Final note for the day: weather is all local. I mean really local. What may be dark and gloomy one place is bright and sunny 20+ miles away. And the only adage about waiting 5 min and the weather will change. We saw this in action. Every day. Oh, and the weather forecast wasn’t even right for the given day we saw it in the morning, let alone the rest of the week. Not even close….
Day 3-4 – Cape Breton Island (inland)/Bras D’Or Region, Nova Scotia
After our Cabot Trail adventures we headed a little more inland and explored the Bras D’Or region (large inland “lake” of seawater) as well as the east coast of Cape Breton Island. We did some hiking along Bras D’Or. We’d get peaks of sun and catch the leaves looking pretty in reflections against the varies lakes, ponds, and rivers we’d encountered. We took a “scenic diversion” as our map called it and headed to loop around park of the lake. We were pretty sure that it wasn’t a well traveled area….We’d stopped to take a photo along an area where the lighting was great and the colors were really pretty. We noticed some cattle in the adjacent field. Interestingly enough, they’d noticed us too. Each time we moved, so did their eyes/heads. We got back in the car and moved down a little ways just to see if they’d keep looking as us. They did. ES and I chuckled and I snapped a photo of the cattle….which ES thought perhaps might want to get up close and friendly so he insisted at that point I don’t get out of the car, but rather take the photo from the car with the window down…
We also visited a historic fort – Fortress at Louisbourg – and learned a little about Canadian history in the process.
In traveling through this region, we crossed over on 2 of the shortest ferries I’ve every been on. When I mean short, I mean we were already moving and half way over (5 min crossing) before I even realized we’d left short. They were cable ferries that were $5 a pop going over. They were convenient to cross the lake versus having to drive around. We got a kick out of them. There’s a photo below of one of the ferries.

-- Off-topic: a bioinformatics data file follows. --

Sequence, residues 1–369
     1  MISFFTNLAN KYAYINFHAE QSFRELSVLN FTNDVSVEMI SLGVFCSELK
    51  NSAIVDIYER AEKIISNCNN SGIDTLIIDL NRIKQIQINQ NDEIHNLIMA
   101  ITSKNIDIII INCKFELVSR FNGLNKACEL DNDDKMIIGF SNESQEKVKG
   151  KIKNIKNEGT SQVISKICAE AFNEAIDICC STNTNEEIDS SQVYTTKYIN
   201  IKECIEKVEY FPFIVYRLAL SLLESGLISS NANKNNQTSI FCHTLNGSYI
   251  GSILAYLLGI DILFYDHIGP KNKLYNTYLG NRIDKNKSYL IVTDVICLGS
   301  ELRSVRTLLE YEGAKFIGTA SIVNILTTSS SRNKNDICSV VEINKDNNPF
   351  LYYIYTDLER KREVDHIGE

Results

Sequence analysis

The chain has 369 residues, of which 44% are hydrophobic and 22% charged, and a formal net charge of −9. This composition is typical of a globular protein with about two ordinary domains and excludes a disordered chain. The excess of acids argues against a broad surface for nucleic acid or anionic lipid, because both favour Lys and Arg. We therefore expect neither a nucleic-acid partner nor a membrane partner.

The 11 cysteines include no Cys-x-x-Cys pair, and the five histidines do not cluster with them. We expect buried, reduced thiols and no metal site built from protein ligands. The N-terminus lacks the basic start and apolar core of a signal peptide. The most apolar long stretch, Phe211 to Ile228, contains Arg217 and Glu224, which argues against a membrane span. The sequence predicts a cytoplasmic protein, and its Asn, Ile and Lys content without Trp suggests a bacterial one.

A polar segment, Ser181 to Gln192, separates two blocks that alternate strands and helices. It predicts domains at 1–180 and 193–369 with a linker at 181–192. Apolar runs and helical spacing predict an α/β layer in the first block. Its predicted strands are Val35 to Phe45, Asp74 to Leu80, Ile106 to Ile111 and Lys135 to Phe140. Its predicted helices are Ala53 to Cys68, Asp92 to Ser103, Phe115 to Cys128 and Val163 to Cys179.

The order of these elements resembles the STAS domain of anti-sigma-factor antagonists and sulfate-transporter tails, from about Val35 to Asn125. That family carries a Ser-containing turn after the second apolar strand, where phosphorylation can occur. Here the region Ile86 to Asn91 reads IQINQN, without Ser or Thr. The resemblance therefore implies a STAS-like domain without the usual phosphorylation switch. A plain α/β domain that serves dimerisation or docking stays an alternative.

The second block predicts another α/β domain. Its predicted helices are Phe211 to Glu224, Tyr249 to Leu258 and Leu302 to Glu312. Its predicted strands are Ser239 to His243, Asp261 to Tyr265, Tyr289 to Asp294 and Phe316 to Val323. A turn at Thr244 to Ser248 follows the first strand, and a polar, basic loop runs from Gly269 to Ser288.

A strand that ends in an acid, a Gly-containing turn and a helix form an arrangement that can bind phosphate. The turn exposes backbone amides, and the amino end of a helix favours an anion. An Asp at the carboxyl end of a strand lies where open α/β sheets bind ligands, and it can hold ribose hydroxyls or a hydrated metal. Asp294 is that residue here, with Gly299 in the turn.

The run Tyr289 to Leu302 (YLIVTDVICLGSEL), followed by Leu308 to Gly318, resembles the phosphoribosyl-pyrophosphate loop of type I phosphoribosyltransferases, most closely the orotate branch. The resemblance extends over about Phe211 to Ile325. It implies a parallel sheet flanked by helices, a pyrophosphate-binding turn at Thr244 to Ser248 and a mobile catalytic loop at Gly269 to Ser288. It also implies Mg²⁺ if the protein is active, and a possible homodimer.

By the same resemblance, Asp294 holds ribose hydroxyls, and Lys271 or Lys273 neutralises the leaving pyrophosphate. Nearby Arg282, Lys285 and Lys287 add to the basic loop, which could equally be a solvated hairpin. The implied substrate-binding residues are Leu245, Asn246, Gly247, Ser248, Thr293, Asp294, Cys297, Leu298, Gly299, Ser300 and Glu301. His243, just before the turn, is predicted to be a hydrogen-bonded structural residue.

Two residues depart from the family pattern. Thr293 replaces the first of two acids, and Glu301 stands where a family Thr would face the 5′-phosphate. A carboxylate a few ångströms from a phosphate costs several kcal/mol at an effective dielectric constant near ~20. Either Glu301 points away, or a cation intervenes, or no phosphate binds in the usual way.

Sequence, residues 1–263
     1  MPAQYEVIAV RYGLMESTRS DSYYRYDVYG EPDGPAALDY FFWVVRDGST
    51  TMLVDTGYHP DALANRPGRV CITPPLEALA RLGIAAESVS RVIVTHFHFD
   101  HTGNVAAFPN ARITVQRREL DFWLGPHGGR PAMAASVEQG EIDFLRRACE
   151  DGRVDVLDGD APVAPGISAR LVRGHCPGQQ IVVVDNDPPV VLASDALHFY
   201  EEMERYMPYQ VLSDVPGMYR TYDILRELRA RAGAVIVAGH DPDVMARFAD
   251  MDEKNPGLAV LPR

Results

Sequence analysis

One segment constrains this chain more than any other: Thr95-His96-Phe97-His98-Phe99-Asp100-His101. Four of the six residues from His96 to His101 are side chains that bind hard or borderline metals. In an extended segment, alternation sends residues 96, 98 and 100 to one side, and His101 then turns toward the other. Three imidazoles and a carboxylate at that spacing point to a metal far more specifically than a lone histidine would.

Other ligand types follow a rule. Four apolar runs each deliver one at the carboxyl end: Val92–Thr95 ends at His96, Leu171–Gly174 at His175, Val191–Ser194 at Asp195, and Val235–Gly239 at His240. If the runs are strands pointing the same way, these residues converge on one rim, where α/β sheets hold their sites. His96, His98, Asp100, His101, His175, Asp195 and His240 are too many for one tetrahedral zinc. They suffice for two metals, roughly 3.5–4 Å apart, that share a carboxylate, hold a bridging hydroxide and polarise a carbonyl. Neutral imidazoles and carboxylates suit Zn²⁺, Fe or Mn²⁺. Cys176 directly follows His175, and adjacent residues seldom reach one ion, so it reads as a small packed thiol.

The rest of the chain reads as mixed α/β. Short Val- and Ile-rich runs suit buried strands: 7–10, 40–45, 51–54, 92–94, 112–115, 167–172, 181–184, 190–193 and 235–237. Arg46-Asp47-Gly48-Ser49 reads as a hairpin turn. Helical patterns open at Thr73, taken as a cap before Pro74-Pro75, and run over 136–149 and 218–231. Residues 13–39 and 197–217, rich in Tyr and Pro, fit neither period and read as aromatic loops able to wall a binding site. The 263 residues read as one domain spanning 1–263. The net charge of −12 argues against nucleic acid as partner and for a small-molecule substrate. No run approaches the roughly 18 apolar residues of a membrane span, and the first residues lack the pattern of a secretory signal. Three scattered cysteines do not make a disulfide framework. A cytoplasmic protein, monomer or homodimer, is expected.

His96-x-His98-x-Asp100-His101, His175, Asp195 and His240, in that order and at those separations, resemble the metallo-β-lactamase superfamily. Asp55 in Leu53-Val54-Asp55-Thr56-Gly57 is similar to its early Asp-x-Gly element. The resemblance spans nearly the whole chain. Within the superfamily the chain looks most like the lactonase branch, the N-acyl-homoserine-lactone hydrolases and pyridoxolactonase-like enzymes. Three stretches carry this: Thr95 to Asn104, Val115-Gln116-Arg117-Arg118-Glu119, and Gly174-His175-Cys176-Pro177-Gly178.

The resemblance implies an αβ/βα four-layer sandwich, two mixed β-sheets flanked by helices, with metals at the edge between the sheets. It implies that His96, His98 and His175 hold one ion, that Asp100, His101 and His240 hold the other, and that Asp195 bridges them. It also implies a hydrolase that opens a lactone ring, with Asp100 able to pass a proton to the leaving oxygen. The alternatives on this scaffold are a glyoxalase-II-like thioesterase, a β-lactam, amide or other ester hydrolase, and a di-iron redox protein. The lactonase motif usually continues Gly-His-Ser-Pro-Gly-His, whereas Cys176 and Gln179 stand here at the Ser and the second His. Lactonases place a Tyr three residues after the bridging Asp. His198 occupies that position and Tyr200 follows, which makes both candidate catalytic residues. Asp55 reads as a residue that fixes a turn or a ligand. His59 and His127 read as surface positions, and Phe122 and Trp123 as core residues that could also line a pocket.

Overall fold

I’ve also included a photo of 3 moose we saw in the back of a guy’s truck near Baddeck, Nova Scotia. We and his son (who proudly proclaimed this while pumping gas) had shot 3 moose just that afternoon.
We left Cape Breton island on the evening of day 4 and headed back to the mainland – Pictou , Nova Scotia. This was the closet town to the Prince Edward Island Ferry. At this point we’d done our fair bit at trying to eat our way through the shellfish family – we’d had fish, clams, and crab so far. Nothing too memorable until we got to Pictou. There’s a resort up a few miles from the B&B where we were staying (Evening Sail B&B – quite lovely and recommended it) which was one of the few places still open for the season. ES and I had amazing meals (and one of the two I’ll blog about…). He had crab fettuccini and I had maple sear scallops with a maple/pumpkin risotto. Even the vegetables were roasted in maple syrup. If my veggies tasted this good as a kid, I’d have eaten entire bowl fulls. The food was incredible.
Note: It’s always a good idea to find out if the B&B (and in our case, there weren’t any full scale Inns that we could find that were still open) you are staying in isn’t going into receivership or being sold. The place were we stayed in Baddeck was awful (and for sale). No hot breakfast and the place was in a very undesirable location.
On to more fun adventures…Day 5-7 – Prince Edward Island. See Part II (to be posted).